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  • Drone operators, do you know the rules?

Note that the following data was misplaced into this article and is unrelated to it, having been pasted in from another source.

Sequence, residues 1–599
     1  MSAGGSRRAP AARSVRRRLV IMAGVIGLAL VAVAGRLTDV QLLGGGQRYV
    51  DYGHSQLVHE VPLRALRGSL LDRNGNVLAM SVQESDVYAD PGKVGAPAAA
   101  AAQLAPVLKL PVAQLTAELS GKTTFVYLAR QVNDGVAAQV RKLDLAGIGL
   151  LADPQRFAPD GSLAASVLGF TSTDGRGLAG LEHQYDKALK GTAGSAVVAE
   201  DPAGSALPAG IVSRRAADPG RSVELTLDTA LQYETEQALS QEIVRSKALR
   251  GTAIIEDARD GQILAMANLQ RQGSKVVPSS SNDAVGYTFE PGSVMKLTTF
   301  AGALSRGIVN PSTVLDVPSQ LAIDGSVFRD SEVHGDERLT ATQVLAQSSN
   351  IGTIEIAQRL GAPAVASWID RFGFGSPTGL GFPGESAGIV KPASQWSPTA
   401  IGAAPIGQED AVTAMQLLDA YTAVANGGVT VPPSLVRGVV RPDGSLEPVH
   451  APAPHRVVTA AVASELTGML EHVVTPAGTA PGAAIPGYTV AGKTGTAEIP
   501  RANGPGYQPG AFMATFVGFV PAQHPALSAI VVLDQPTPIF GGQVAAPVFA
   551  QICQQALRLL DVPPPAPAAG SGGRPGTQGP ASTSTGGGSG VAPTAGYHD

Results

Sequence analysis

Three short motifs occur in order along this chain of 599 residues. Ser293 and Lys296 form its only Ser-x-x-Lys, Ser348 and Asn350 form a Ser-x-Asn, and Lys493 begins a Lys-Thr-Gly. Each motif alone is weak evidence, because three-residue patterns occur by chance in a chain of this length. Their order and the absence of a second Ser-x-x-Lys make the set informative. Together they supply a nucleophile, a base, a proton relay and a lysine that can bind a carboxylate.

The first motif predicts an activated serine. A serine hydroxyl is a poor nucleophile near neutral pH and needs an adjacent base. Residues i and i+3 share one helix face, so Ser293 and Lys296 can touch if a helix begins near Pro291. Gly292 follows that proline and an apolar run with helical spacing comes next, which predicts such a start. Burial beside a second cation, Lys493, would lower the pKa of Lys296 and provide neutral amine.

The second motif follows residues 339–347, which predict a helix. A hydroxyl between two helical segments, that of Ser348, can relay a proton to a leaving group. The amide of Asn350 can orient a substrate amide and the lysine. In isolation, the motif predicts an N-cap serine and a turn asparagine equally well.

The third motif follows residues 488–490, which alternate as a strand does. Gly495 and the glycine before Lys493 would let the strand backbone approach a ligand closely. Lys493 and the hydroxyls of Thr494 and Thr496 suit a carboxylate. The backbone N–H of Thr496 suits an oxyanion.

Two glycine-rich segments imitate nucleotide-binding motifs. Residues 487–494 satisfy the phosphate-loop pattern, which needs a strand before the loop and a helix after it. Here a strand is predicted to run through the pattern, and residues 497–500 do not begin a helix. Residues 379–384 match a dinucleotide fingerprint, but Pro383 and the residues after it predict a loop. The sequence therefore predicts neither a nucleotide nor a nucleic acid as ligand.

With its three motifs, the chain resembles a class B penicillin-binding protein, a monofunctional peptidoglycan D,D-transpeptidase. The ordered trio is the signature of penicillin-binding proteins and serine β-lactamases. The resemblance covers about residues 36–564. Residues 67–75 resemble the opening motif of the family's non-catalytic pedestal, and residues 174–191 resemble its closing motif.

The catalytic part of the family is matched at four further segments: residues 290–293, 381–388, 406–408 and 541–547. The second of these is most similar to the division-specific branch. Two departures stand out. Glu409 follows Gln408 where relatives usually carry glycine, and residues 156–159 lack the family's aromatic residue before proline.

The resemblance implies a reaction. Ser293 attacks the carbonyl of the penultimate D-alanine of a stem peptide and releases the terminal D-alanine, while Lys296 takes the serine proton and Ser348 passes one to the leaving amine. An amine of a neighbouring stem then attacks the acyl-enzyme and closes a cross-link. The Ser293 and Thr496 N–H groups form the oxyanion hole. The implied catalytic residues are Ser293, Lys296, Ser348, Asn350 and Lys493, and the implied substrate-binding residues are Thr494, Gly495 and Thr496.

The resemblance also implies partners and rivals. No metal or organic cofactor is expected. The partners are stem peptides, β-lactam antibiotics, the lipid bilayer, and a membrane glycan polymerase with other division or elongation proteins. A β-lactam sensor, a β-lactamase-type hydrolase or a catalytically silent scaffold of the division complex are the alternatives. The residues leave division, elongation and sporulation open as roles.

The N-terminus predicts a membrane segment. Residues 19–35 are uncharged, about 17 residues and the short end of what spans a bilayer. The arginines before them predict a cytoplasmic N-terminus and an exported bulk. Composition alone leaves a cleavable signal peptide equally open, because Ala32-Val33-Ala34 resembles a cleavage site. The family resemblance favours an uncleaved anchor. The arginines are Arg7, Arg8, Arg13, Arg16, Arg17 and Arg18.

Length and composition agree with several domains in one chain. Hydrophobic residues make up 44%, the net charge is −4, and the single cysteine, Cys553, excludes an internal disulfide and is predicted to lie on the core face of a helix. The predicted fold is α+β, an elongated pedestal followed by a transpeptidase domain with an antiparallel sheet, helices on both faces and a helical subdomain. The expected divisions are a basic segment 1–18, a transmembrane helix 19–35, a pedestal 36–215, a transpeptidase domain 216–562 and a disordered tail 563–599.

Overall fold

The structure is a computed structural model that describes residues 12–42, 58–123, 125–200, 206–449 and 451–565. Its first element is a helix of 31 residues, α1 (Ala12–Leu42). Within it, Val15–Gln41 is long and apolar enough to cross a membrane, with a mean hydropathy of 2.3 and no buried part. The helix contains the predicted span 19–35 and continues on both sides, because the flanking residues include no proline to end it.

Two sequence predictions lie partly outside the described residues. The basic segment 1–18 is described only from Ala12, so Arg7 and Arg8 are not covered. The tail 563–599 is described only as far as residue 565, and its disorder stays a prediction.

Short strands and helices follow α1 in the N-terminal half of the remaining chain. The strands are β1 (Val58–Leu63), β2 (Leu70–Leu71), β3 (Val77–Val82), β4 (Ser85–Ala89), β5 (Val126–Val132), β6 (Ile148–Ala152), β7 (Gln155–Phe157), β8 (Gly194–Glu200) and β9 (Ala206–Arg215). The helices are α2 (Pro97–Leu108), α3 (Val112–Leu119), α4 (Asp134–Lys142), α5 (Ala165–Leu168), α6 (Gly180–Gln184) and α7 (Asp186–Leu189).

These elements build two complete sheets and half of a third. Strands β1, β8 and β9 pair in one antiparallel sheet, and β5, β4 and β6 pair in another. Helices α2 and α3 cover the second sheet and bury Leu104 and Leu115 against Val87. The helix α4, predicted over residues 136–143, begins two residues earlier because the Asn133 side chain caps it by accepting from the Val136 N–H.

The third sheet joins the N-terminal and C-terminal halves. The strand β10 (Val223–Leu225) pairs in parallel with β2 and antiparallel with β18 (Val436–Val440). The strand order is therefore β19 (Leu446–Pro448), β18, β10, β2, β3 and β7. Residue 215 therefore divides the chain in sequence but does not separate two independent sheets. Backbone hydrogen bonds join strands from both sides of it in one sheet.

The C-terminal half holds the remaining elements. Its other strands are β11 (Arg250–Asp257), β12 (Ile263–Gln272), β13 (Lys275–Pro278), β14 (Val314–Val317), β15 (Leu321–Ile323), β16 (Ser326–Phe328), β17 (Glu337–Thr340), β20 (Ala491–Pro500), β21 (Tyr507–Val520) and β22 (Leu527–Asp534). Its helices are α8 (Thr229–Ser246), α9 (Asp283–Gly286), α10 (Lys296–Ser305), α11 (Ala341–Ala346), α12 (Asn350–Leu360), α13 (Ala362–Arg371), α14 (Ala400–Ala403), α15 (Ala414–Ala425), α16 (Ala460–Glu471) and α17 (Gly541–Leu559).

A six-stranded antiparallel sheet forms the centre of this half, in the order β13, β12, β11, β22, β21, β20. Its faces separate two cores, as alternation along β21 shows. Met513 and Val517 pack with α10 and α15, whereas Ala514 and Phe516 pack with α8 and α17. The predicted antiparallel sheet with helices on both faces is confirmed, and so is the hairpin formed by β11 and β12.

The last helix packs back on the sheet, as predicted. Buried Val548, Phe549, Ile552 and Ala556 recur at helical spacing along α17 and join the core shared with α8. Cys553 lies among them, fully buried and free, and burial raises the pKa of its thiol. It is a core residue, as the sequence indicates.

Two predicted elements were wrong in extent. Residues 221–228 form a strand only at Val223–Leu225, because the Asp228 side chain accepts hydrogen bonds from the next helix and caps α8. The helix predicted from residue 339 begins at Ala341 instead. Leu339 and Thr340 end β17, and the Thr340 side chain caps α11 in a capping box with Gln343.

Drones, also known as “UAVs” (for Unmanned Aerial Vehicles) have become more popular in Quebec over the past few years. From the surveillance of quarries and gravel pits, industrial sites, pipelines, farmland, open air mines and construction sites to package delivery, the collecting of aerial images to promote municipalities, film-making and property sales, there are countless uses for drones. However, it should be kept in mind that the use of drones is regulated by the federal government, and certain uses are subject to special rules that may include obtaining a special flight operations certificate (“SFOC”). Legislative and regulatory framework The use of drones is governed by the Aeronautics Act1, and in particular the Canadian Aviation Regulations2. The applicable rules differ depending on whether the drone constitutes an “unmanned air vehicle” or a “model aircraft” within the meaning of the Regulations. The difference between these types of aircraft depends on how much they weigh (more or less than 35 kg) and the proposed use (whether recreational or non-recreational). A “model aircraft” is an aircraft weighing up to 35 kg that is used for recreational purposes and that is not designed to carry persons or other living creatures3. An “unmanned air vehicle” is a power-driven aircraft, other than a model aircraft, that is designed to fly without a human operator on board4. In other words, an unmanned air vehicle is a drone that weighs over 35 kg, or one that weighs less than 35 kg if it is used for nonrecreational purposes. Unmanned air vehicles: SFOC required unless exempted Section 602.41 of the Regulations5 prohibits the operation of an unmanned air vehicle in flight except in accordance with an SFOC or an air operator certificate6. Section 603.66 of the Regulations also prohibits the use of an unmanned air vehicle unless the terms of an SFOC issued by the Minister are complied with. An SFOC is issued by the Minister pursuant to section 603.67 of the Regulations. The applicant must demonstrate the ability to conduct the proposed flight operation in accordance with the Special Flight Operations Standards7, which also indicate the form and manner of submitting an application. In theory, an SFOC is therefore required to use an unmanned air vehicle. However, the Act8 allows the Minister or a Department of Transport official authorized for such purpose to exempt, on any terms and conditions that may be specified, any person, aeronautical product, aerodrome, facility or service, or any class of persons, aeronautical products, aerodromes, facilities or services, from the application of Regulations. Two exemptions are currently available for individuals operating unmanned air vehicles for non-recreational purposes. The first exemption covers the use of drones with a take-off weight of more than 2 kg but less than 25 kg, subject to compliance with several conditions, including the following: General conditions: have at least $100,000 of civil liability insurance and at least $100,000 of insurance covering the operation of a UAV, not operate a UAV within eight hours after consuming an alcoholic beverage, not operate a UAV if the pilot is likely to suffer from fatigue making him unfit to properly perform his duties, make operational and emergency equipment available to the flight crew, etc. Flight conditions: be able to see the UAV directly, not fly the UAV at an altitude of more than 300 feet, not fly in Class G airspace9, only operate the UAV from a single control station, not conduct a take-off if the UAV has frost, ice or snow on its critical surfaces, not operate a UAV over a built-up area or open-air assembly of persons, maintain unassisted visual contact with the UAV to be aware of its position and able to visually scan the airspace in which it is being used in order to identify and avoid air traffic or objects, etc. Conditions related to the crew (pilot): have successfully completed a ground training program for pilots and be trained on the UAV system and qualified for the area and type of flight, etc. The second exemption applies to drones weighing less than 2 kg that are used for non-recreational purposes, which involve similar conditions to the first exemption, although they are fewer in number. If these conditions are not met, an SFOC must be obtained, just as for the use of drones weighing more than 35 kg for recreational purposes. Model aircraft: safety first The use of a “model aircraft” (a drone weighing less than 35 kg used for recreational purposes) does not require a specific permit. However, such an aircraft must be flown safely. Section 602.45 of the Regulations prohibits any person from flying a model aircraft into a cloud or in a manner that is or is likely to be hazardous to aviation safety. In the absence of a definition in the Regulations of what constitutes the “safe” use of a model aircraft, Transport Canada has published a circular to inform operators of model aircraft and unmanned air vehicles of the general guidelines and safety practices. In the circular, Transport Canada recommends for example that certain safety considerations be followed, such as not using a drone: within 9 km of an aerodrome (ex. an airport); within 150 m of people, animals, buildings, structures or vehicles; in populated areas or over a crowd, such as during sporting events, concerts, festivals or fireworks; near moving vehicles, highways, bridges, busy streets or any other place where drivers could be endangered or distracted; in restricted airspace (over military bases, prisons or forest fire areas), etc.10 Penalties for not following the rules A person operating a flight without an SFOC when one is required is liable to a fine of up to $5,000 for an individual and $25,000 for a corporation, and a person who fails to comply with the conditions of an SFOC is liable to a fine of up to $3,000 for an individual and $15,000 for a corporation11. The Criminal Code12 also creates an offence for the unsafe operation of an aircraft that endangers the safety of other aircrafts,13 which could lead to a fine or imprisonment for life. Compliance with the Regulations does not release the drone operator from complying with applicable provincial (and municipal)14 or federal15 regulations. In conclusion, note that an SFOC is required in the following cases: The aircraft weighs more than 35 kg, regardless of the proposed use; The aircraft weighs less than 35 kg and the proposed use is nonrecreational. Where an aircraft weighing less than 25 kg is used for non-recreational purposes, the operator may be exempt from the requirement of obtaining an SFOC provided he meets several conditions. If the operator cannot comply with the conditions to be met for any of the applicable exemptions, he will have no choice but to apply for an SFOC. Lastly, no permit is required to use a drone weighing 35 kg or less for recreational purposes, although the drone must be operated safely. Since the current exemptions will expire on December 21, 2016, the rules could change. Aeronautics Act, R.S.C. 1985, c. A-2 (the “Act”). Aviation is considered by the courts to be a matter of national importance and it therefore falls under the federal government’s jurisdiction to make laws for the peace, order and good government of Canada; see in this regard Johannesson v. Municipality of West St. Paul, [1952] 1 S.C.R. 292; Air Canada v. Ontario (Liquor Control Board), [1997] 2 SCR 581; Quebec (Attorney General) v. Canadian Owners and Pilots Association [2010] 2 SCR 536. Canadian Aviation Regulations, 1996, SOR/96-433 (Can. Gaz. II) (the “Regulations”). Supra, footnote 2. S. 101.01 of the Regulations. Supra, footnote 2. We will not discuss this type of certificate, which applies to commercial air service operators. Special Flight Operations Standards, in the “General Operating and Flight Rules Standards”, Part VI, Standard 623 of the Regulations. Supra, footnote 1. Section 601.02 (1) of the Regulations states that “Class G” is uncontrolled airspace. General Safety Practices, in “Model Aircraft and Unmanned Air Vehicle Systems”, 2014, Advisory Circular (AC) No. 600-002. Section 103.08 (1) and (2). R.S.C. 1986, c. C-46. For example, section 77 of the Criminal Code, supra, footnote 12. For example, section 85 of the Municipal Powers Act, CQLR, c. C-47.1 (which allows municipalities to adopt a by-law to ensure peace, order, good government and the general welfare of its citizens) could give municipalities the authority to regulate drones. Would such a regulation be constitutional? According to the jurisprudence, the federal government’s jurisdiction over aviation is exclusive, which means, according to the doctrine of interjurisdictional immunity, that a province would not have the authority to regulate or prohibit the use of drones. However, if the effect of a valid provincial statute (adopted in accordance with a matter of provincial jurisdiction) is to govern the use of drones, the question is whether the courts would apply the doctrine of federal paramountcy, allowing the provincial legislation to apply concurrently in the absence of an actual conflict. See, among other things, the Canadian Charter of Rights and Freedoms, S.C. 1982, c. 11 (U.K.); the Criminal Code, R.S.C. 1986, c. C-46.; the Environment Quality Act, CQLR 1978, c. Q-2; the Privacy Act, R.S.C. 1985, c. P-21; the Personal Information Protection and Electronic Documents Act, S.C. 2000, c. 5; the Radiocommunication Act, R.S.C. 1985, c. R-2; the Transportation of Dangerous Goods Act, S.C. 1992, c. 34 and the National Parks of Canada Aircraft Access Regulations, 1997, SOR/97-150 (Can. Gaz. II).